References
Ellis, G. F. R. 2006, Issues in the Philosophy of Cosmology, Philosophy of Physics (Handbook of the Philosophy of Science), Ed. J. Butterfield and J. Earman (Elsevier, 2006), 1183-1285.
[http://arxiv.org/abs/astro-ph/0602280]

Holes in Our Democracy

The Electoral College

There have been 58 presidential elections in the United States.  The first was in 1788, and the most recent in 2016.  Five times (8.6% of the time) the winner of the U.S. presidential election did not receive the most votes, thanks to the Electoral College.

1824

Andrew Jackson 151,271 41.4% Democratic-Republican
John Quincy Adams 113,122 30.9% Democratic-Republican

1876

Samuel J. Tilden 4,286,808 50.9% Democratic
Rutherford B. Hayes
4,034,142 47.9% Republican

1888

Grover Cleveland 5,534,488 48.6% Democratic
Benjamin Harrison
5,443,892 47.8% Republican

2000

Al Gore 51,009,810 48.4% Democratic
George W. Bush
50,462,412 47.9% Republican

2016

Hillary Clinton 65,853,516 48.2% Democratic
Donald Trump
62,984,825 46.1% Republican

The Electoral College needs to change or be abolished, and the national popular vote should determine who is elected president.  Why should “winner takes all” in each state continue to prevail?  This isn’t a ball game.  As it is now, a candidate gets 100% of the electoral votes for a state whether they got 80% of the popular vote or 50.5%.  Each state’s electoral votes should be apportioned based on the number of popular votes each candidate got.  Every vote should count equally, no matter what state you live in.

Proportional Representation

In the U.S. Congress and the state legislatures, if the Green Party, for example, is supported by 10% of the electorate, then they should have 10% of the representation in the legislative body.  Proportional representation ensures that all popular viewpoints in the electorate have representation in our government, and prevents any one political party from ever having too much power.

Ballot Measures

Rather than always voting for people who are supposed to represent you and your interests, but often do not, wouldn’t you rather vote on the issues themselves?  We should all have a chance to vote more often on ballot measures, even if they are only directional in nature.  I have no doubt, for example, that we would have stricter weapons laws in this country if we the people were ever given the opportunity to directly vote on the matter.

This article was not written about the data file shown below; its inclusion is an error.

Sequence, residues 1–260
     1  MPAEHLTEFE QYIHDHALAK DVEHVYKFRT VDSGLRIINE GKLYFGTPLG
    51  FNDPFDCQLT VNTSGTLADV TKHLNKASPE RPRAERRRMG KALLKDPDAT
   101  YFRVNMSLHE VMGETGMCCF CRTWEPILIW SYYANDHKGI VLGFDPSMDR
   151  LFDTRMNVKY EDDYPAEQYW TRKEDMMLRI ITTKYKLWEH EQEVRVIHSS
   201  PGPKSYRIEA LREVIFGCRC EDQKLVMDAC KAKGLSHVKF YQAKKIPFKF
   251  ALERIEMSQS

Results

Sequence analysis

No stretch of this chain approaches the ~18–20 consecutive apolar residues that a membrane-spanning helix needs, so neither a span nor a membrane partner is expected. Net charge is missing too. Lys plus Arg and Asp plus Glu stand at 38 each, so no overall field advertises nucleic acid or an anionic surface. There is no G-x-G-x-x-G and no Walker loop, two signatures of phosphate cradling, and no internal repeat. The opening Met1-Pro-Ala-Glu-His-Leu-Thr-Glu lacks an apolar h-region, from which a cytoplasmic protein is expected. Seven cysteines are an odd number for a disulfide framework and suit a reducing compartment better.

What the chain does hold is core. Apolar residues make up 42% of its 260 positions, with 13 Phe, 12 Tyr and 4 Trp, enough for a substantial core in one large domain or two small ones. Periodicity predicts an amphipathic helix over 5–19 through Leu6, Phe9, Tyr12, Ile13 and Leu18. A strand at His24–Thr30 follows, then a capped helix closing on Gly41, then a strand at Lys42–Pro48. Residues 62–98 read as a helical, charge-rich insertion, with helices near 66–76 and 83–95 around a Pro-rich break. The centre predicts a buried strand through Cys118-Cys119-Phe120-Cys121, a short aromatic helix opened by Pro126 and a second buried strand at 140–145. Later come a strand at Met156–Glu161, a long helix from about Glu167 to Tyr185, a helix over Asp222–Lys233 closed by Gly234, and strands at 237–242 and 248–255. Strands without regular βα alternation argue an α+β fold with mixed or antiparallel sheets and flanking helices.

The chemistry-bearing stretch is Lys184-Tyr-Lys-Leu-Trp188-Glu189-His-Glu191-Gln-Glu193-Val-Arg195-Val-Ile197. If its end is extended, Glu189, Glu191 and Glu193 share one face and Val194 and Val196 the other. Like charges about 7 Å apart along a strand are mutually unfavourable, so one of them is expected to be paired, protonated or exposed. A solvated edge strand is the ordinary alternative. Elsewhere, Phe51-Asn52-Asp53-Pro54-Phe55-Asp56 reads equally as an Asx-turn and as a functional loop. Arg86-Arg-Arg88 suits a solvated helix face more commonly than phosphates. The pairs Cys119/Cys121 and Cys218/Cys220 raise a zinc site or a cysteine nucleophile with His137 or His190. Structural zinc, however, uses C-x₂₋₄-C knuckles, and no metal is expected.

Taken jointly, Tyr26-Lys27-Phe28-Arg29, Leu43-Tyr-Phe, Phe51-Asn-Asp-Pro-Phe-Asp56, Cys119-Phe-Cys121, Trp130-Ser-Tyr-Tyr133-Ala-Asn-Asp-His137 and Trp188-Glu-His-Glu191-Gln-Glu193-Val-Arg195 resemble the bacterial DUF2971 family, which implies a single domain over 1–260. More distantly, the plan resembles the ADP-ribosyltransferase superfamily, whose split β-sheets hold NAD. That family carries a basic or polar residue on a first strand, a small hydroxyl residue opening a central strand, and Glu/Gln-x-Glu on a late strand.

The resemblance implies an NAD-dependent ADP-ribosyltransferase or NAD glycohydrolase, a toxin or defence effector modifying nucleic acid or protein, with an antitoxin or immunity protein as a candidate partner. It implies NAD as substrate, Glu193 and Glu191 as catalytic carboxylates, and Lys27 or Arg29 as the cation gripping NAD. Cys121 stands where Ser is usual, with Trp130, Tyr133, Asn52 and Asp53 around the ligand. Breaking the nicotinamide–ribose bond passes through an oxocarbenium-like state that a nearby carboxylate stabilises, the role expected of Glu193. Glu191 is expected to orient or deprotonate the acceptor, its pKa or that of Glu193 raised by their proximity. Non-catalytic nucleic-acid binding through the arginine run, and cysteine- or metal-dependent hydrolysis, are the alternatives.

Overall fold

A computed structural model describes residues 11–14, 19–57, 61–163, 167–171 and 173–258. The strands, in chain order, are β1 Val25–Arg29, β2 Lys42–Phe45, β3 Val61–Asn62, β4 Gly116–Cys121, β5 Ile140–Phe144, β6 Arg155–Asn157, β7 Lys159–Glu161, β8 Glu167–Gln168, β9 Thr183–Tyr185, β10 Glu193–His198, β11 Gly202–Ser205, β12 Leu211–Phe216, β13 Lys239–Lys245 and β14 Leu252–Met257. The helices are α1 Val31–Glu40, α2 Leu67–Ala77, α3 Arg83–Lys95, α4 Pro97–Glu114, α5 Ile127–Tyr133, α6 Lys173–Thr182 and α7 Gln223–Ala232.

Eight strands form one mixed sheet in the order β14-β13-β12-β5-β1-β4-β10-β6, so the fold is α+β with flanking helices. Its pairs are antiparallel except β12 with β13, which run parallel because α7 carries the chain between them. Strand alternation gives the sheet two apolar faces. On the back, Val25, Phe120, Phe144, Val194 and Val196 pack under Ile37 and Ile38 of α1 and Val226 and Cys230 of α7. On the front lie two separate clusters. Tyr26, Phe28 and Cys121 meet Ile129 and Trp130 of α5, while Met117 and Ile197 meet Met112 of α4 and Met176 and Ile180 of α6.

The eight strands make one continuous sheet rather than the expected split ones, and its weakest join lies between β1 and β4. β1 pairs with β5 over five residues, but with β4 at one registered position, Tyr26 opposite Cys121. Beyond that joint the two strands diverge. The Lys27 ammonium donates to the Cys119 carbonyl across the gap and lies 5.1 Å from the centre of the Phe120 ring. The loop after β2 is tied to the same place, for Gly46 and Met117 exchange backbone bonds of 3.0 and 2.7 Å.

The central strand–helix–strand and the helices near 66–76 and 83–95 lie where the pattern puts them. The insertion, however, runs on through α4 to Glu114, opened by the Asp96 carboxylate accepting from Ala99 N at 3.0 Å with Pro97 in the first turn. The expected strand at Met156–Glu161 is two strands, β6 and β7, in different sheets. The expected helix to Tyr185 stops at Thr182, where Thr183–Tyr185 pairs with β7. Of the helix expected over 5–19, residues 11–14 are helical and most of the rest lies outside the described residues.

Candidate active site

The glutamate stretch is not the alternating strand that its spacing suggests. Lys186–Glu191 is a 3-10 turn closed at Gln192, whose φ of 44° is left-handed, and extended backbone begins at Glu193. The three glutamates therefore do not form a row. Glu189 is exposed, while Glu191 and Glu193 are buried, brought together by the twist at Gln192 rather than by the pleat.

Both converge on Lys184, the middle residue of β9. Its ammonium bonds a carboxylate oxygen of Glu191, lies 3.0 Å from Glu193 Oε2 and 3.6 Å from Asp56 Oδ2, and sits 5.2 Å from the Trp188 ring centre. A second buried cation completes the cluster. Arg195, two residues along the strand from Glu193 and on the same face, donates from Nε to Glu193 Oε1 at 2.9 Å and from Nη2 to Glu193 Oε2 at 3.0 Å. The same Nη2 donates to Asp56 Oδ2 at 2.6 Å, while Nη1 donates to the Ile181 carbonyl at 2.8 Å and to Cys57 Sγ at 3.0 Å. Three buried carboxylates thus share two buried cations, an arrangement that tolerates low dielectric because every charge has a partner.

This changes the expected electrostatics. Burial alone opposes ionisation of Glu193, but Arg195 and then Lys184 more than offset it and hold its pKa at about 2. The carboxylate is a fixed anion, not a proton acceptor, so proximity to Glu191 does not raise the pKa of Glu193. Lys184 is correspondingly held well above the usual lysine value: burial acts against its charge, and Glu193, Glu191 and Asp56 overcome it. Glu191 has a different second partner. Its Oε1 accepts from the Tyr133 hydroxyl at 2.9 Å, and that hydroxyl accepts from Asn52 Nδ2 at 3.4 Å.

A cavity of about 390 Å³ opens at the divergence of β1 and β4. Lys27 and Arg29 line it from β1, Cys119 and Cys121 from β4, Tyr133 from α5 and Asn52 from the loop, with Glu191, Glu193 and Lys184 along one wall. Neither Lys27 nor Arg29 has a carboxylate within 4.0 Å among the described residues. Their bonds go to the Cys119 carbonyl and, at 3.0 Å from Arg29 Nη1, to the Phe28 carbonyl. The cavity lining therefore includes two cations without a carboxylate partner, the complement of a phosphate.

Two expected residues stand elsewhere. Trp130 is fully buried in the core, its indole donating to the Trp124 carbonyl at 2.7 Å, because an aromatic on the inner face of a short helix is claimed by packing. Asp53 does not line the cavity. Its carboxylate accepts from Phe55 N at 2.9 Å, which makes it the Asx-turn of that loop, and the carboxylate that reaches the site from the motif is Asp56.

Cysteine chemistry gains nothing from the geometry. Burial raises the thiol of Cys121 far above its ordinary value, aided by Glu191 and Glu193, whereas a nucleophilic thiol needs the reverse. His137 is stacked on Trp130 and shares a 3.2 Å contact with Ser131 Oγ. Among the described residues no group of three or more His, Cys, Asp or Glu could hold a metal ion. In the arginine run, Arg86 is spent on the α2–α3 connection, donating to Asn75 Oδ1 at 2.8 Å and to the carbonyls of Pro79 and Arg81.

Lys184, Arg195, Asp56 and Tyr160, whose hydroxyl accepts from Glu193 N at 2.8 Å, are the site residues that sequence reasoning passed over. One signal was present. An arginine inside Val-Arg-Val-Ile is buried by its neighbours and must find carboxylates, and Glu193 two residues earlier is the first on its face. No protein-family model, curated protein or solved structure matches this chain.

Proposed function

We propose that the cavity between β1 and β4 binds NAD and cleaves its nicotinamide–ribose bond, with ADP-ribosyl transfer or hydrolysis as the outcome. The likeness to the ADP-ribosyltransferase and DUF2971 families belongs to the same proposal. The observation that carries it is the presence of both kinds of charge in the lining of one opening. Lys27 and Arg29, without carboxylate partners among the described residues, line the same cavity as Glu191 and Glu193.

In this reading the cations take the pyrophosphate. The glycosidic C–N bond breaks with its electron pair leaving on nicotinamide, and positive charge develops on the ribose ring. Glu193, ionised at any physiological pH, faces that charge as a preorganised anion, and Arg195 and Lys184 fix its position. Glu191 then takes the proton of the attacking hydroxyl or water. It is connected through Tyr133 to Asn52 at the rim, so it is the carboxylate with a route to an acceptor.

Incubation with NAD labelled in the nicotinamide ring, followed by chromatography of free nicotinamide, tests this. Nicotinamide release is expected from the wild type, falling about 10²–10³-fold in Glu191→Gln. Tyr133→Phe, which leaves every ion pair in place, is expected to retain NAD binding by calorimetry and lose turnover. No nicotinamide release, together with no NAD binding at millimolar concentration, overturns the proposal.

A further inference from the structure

Lyrid Meteor Shower

The Lyrid meteor shower peaks this Friday night and Saturday morning, April 21/22, and this year we have the perfect trifecta: a weekend event, a peak favorable for North America, and little to no moon interference.  Now, all we need is clear skies!

The Lyrids are expected to crescendo to a peak somewhere between 11 p.m. Friday evening and 10 a.m. Saturday morning.  One prediction I found even has them peaking at noon on Saturday.

Lyrids – April 21/22 – Local Circumstances for Dodgeville, WI

When to watch?  At a minimum, I’d recommend observing at least two hours, from 2:30 to 4:30 a.m.  You can expect to see maybe 15 fairly fast meteors per hour.

My friend Paul Martsching of Ames, Iowa has been one of the most active and meticulous meteor observers in the world.  In nearly 30 years of observing this shower, he notes that 21% of Lyrid meteors leave persistent trains.  Though few Lyrids reach fireball status, Paul did observe a -8 Lyrid at 1:50 a.m. on April 22, 2014 (his brightest Lyrid ever) that left a train that lasted five and a half minutes!  Paul notes a color distribution of the Lyrid meteors as 73% white, 22% yellow, and 5% orange.

I’m still trying to find a good location within about 10 miles of Dodgeville to watch meteor showers.  Governor Dodge State Park would be ideal, but anyone who isn’t camping has to leave the park by 11:00 p.m.

Meteor watching is most enjoyable in groups of two or more.  I’m planning to observe this shower, so contact me if you’d like to team up!

A Small, Big, or Really Big Universe?

George F. R. Ellis writes in section 2.4.2 of his outstanding survey paper, Issues in the Philosophy of Cosmology: